Banana leaves are cut from the banana plant and are used as a wrapping to cook food in, instead of tin foil. Banana leaves give a slight aroma and flavor to the foods cooked in them. Food wrapped in banana leaves can be steamed, baked or grilled. They can be purchased at many Asian or Hispanic markets, often in the freezer section.
Leaves are never eaten, just used for wrapping. Banana leaves look beautiful and make a nice platter for finger foods. When storing something wrapped in a banana leaf in the fridge for later use, drape a damp towel over the top to keep the banana leaf moist. Do not leave them in the fridge uncooked for more than 2 days. Once cooked the banana leaves and what is contained inside will keep for a relatively long time. In Viet Nam (and many parts of South East Asia), many sweet treats, fish, and rice dishes are wrapped and cooked in banana leaves.
Thaw the banana leaves for about 2 hours. Then run under cool water to soften and rinse off any debris. (Or you can submerge a few leaves in very hot water to thaw). Wipe off excess water with a kitchen towel, be sure to wipe in the same direction as the grain of the leaf in order to reduce the risk of tearing. Cut off any torn or yellow edges (Note: cutting off the yellow part is purely for aesthetics sake). Cut off the thick middle vein because it makes it easier for the leaf to split. If a leaf happens to split just place another piece of leaf over the tear running in the opposite direction.
Soak some tooth picks or kitchen string with the leafs, and use them to tie the leaves together when you have place your ingredients inside. Be careful when using toothpicks because they can rip the leave easily. If the parcel is small enough you can use thin strips of banana leaf to tie it together. When wrapping a large parcel use about 4 layers of leaves, each layer should have the grain of the leaf running in the opposite direction as the previous layer. Any leaves not being used should be re-frozen.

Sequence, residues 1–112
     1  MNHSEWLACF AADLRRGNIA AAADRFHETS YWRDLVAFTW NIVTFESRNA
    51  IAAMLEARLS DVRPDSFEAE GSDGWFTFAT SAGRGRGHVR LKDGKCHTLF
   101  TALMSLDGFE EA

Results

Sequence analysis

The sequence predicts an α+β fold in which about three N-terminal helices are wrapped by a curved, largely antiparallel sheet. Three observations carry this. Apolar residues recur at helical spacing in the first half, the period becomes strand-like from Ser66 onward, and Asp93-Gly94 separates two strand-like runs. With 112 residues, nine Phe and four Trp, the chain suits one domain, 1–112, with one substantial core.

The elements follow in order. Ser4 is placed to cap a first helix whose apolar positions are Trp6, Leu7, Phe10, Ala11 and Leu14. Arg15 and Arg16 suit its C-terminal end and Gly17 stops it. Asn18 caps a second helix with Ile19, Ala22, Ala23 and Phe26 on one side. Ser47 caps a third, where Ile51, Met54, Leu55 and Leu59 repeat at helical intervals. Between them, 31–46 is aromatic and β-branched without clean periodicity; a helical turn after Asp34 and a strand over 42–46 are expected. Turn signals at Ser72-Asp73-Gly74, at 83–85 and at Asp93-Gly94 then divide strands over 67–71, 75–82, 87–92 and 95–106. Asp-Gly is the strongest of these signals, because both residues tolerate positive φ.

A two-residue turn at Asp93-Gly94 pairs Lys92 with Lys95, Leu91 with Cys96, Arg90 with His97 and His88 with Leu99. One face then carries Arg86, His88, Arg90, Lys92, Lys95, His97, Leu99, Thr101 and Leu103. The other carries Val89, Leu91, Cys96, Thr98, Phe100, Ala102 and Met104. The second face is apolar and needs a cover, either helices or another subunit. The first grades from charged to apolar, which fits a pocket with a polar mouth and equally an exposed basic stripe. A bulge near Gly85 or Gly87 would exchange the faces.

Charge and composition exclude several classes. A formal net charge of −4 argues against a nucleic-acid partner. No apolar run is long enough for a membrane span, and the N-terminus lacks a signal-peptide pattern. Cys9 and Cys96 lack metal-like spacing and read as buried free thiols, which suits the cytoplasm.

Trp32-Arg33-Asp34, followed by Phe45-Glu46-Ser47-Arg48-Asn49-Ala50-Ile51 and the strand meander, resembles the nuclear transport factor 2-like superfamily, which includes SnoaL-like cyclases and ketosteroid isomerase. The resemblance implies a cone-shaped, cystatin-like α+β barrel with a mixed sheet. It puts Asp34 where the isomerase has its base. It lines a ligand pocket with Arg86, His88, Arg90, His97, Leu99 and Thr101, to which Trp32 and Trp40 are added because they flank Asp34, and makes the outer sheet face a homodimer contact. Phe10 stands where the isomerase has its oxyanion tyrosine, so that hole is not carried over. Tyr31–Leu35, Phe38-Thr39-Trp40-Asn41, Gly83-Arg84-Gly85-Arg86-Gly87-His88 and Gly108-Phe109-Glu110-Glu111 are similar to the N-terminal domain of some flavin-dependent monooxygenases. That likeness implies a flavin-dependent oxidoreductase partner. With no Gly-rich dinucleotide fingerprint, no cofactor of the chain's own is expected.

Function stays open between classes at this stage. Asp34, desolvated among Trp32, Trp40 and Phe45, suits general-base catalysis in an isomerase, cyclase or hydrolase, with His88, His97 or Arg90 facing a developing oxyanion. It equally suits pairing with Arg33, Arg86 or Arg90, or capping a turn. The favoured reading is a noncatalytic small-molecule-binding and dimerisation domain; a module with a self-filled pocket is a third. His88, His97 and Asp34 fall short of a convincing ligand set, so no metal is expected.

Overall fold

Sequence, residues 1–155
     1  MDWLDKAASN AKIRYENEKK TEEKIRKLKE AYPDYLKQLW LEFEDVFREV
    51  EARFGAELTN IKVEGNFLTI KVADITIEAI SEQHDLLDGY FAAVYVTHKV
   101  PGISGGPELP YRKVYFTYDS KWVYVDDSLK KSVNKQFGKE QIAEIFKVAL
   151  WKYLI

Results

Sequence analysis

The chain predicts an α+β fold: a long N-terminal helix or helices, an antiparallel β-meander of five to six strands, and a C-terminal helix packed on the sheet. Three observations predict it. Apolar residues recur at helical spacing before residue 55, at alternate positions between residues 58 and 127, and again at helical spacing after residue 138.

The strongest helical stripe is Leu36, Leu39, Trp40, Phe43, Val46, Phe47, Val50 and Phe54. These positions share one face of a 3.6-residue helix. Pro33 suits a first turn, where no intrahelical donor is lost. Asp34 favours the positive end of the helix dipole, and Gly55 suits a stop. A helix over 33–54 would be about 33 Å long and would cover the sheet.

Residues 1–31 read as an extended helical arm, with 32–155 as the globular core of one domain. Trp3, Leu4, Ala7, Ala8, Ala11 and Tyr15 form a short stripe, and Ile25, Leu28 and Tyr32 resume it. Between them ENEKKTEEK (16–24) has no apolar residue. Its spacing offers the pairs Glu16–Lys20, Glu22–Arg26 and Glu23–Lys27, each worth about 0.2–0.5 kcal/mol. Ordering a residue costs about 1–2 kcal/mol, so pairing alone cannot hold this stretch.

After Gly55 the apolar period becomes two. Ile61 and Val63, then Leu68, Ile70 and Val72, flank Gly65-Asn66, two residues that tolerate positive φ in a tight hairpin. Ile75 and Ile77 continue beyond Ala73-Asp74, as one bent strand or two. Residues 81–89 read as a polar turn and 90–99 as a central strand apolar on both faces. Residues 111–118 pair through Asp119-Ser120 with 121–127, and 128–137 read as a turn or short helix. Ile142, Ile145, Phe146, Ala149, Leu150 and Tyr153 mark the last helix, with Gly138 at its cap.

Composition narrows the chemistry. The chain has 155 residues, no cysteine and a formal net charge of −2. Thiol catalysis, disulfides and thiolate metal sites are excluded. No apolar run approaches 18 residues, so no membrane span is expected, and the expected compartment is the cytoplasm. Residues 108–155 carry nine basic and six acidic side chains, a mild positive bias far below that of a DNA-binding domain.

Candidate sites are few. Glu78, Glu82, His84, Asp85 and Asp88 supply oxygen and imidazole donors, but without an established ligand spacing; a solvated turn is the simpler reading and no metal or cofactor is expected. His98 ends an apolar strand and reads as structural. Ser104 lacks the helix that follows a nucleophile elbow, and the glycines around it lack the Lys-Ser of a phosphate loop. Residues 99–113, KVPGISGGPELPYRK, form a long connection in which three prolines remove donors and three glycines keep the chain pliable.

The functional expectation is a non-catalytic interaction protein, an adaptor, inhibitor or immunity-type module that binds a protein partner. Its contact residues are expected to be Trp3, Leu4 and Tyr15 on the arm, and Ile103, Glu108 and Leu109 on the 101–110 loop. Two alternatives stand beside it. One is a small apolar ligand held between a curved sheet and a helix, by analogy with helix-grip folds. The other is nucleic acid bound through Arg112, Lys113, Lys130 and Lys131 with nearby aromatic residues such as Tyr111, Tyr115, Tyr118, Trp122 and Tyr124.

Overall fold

Put in a plastic bag in the freezer. If you pre-made your meal and do not want to cook it yet, you can keep it it the refrigerator for a few days with a damp towel draped over your package. If you already cooked you meal, it should keep for at least a week in the refrigerator.
Banana leaves are a great substitute to cling wrap or tin foil for storage. They can also substitute for parchment paper in sweet or savory dishes.
In many parts of Asia, Latin America and Africa have used banana leaves to keep food good for long periods of time before there was access to refrigerators.
Here is a recipe using banana leaves. If you have a favorite recipe, post it below.
Can you use frozen banana leaves to decorate a platter? Thaw them, then what?
Old folks believe that banana leaves can lower blood cholesterol. Does it have scientific basis? My email: lianne1982 AT yahoo.com
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